It precludes you from being able to grow. Youre basically in the penalty box when you are in those kinds of situations, Daugherty says. He says, though, that the light started coming over the mountains this fall when it became clear the regulatory restrictions would be lifted.
Daugherty, 52, who before coming to Spokane had developed a reputation as a bank turnaround specialist, was hired in September 2004 specifically to work that kind of magic at AmericanWest.
This situation was a turnaround situation, he says, noting that AmericanWest had $18 million in bad-debt expense when he arrived.
He moved quickly to right the listing ship, replacing all but two members of the banks executive team, establishing training and marketing programs, and adopting measures aimed at improving the credit quality of its loan portfolio.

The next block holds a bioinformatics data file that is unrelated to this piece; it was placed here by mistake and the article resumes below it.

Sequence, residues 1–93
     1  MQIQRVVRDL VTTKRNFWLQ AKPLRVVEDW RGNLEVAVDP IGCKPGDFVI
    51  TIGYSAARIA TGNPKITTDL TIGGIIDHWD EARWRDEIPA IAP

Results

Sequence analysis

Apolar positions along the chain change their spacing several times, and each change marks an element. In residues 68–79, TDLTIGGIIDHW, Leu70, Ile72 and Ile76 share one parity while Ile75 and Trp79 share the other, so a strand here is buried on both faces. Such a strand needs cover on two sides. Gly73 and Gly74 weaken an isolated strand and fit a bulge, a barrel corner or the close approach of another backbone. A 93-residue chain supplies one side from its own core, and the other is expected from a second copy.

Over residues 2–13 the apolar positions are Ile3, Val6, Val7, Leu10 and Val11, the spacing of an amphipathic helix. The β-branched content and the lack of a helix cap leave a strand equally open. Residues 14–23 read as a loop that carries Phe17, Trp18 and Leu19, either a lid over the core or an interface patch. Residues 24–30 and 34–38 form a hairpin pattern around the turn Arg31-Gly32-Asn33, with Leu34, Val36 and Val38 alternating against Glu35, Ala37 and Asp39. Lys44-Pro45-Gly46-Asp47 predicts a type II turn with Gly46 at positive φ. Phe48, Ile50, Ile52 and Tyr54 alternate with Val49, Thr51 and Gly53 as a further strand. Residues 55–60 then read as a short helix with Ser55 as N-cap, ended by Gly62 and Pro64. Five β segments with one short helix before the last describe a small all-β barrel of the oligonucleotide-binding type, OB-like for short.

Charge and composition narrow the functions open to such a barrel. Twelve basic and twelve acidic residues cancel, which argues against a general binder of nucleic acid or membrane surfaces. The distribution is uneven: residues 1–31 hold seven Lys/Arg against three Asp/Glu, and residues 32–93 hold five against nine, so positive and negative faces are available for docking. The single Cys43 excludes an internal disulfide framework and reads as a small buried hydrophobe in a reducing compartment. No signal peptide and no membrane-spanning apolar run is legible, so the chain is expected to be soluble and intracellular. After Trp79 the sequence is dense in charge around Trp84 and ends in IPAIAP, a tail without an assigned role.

For the first nine months of this year, the bank had net income of $9.9 million, or 94 cents a share, up from $8.8 million, or 84 cents a share, in the year-earlier period. It had total loans of $997.7 million and deposits of $963 million as of Sept. 30, up 7.5 percent and 7.6 percent, respectively, from the end of 2004. Perhaps most significantly, the amount of money tied up in nonperforming loans fell 29 percent during the first nine months of this year, to $17.2 million from $24.3 million, and Daugherty says hes continuing to chip away at that sum.